Theresa May tells MPs not to take ‘reckless gamble’ of scrapping Trident
Theresa May has warned that ditching Britain’s nuclear deterrent would be a “reckless gamble”, as MPs prepare to vote on the Trident missile system.
The Prime Minister will open the debate for the Government this afternoon, making her first appearance at the despatch box since entering No 10.
She will say that the nuclear threat has “not gone away, if anything, it has increased”.
Labour is split three ways on the issue, as Jeremy Corbyn has pledged to vote against the standing party policy of backing Trident renewal, key figures in the Shadow Cabinet will abstain, and the bulk of MPs are expected to vote in favour of the motion.
The question to be put to MPs is whether they support replacing the current Vanguard submarines which carry the Trident warheads with four new Successor submarines – a programme that is currently estimated to cost £31bn with a £10bn contingency.
According to The Times, new Chancellor Philip Hammond wants to make sure the Treasury takes a role in the project to stop costs spiralling out of control.
The vote itself is not binding, but the Government has pledged previously to seek the consent of MPs about renewal.
Mrs May, who stressed the importance of a swift vote on Trident when she was running for the Conservative leadership, will argue it would be “gross irresponsibility” for the UK to give up its nuclear deterrent.
“It is impossible to say for certain that no extreme threats will emerge in the next 30 or 40 years to threaten our security and way of life,” she will say.
“And it would be a gross irresponsibility to lose the ability to meet such threats by discarding the ultimate insurance against those risks in the future.
“Once nuclear weapons have been given up it is almost impossible to get them back – and the process of creating a new deterrent may take decades."
She will add: “We cannot compromise on our national security. We cannot outsource the grave responsibility we shoulder for keeping our people safe. And we cannot abandon our ultimate safeguard out of misplaced idealism.
“That would be a reckless gamble: a gamble that would enfeeble our allies and embolden our enemies. A gamble with the safety and security of families in Britain that we must never be prepared to take.”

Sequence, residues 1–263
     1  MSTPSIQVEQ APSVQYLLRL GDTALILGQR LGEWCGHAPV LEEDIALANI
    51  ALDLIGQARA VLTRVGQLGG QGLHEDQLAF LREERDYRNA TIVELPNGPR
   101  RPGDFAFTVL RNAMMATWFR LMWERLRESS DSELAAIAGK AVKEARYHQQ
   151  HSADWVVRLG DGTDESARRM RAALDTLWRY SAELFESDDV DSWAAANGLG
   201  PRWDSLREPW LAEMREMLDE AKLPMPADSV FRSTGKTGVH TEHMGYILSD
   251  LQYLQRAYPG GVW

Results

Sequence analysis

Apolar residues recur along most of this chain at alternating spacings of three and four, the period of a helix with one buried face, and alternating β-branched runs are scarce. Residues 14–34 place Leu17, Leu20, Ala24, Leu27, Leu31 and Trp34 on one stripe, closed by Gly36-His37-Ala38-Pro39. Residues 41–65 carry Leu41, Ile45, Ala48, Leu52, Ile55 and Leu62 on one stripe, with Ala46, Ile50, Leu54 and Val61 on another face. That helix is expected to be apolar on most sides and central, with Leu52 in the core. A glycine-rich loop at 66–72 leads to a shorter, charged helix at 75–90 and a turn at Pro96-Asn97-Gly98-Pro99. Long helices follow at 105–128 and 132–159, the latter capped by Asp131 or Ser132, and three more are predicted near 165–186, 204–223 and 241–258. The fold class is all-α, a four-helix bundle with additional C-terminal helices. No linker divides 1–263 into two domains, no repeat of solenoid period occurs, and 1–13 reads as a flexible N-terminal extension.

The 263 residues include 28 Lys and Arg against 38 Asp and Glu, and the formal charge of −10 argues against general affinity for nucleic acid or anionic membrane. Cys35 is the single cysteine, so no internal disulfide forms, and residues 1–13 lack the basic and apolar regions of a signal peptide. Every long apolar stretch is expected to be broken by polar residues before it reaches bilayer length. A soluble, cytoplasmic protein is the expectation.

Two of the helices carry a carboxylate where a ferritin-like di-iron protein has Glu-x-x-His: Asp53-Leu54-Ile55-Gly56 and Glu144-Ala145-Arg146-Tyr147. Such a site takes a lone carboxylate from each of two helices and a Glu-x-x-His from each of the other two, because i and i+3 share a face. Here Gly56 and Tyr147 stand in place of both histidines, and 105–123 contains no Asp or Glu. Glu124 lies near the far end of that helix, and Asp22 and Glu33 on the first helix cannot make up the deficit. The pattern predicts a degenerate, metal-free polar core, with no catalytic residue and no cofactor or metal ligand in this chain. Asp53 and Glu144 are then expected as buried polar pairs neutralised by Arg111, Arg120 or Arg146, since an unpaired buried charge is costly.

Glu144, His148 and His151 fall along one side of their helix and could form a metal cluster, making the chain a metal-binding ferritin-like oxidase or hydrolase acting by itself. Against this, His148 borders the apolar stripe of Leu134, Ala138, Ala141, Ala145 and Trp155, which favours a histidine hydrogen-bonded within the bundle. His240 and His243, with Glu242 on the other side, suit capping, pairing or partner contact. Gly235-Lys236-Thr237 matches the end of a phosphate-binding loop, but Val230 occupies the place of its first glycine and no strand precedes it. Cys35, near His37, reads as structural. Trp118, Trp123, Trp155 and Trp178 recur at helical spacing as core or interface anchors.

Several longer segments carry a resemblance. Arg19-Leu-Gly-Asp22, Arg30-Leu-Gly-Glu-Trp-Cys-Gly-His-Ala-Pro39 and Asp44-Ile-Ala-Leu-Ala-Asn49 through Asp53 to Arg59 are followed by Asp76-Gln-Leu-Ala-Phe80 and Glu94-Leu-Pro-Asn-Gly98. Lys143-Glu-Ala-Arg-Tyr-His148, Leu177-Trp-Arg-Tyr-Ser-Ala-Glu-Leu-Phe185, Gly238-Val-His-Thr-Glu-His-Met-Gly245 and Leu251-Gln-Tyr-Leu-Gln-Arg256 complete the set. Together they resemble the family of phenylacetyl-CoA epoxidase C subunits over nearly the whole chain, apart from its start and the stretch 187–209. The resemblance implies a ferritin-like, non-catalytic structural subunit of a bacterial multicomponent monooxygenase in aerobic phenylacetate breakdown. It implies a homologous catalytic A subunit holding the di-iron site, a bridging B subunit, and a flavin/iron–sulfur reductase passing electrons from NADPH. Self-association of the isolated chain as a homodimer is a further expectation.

Labour MPs will not be whipped on the vote, leaving them to free to vote how they wish.
The existing party policy remains in favour of renewing Trident as a review set up by Mr Corbyn, a longstanding unilateralist, is yet to report.
The Labour leader told the Guardian he would vote against the Government’s motion – and Labour policy – today: “I will be voting against continuous at-sea deterrent, because it rules out any compliance with the nuclear non-proliferation treaty.
“I’ve been involved in peace transformation all of my life, and I think we’ve got an opportunity to show leadership in the world.”
The stance differs from the one put forward by Emily Thornberry and Clive Lewis, two of Mr Corbyn’s allies who serve as Shadow Foreign Secretary and Shadow Defence Secretary respectively.
The MPs, who are both proponents of unilateral disarmament, wrote in a comment piece for the Guardian that today’s debate was “shameful game playing” and pledged to abstain.
Deputy leader Tom Watson, who will form part of an expected majority of Labour MPs in favour of renewal, said it was “unacceptable” to abstain.
"Now the government have made us take another vote on this, you cannot absolve yourself of responsibility for making a decision," he told the BBC.
"Some people say Labour should abstain on this vote. I think that is unacceptable. You have to be responsible. You have to take a position. You either agree with Trident or you don't."
Labour leadership hopefuls Angela Eagle and Owen Smith have both said they will back renewal of Trident.
The SNP will oppose today's motion.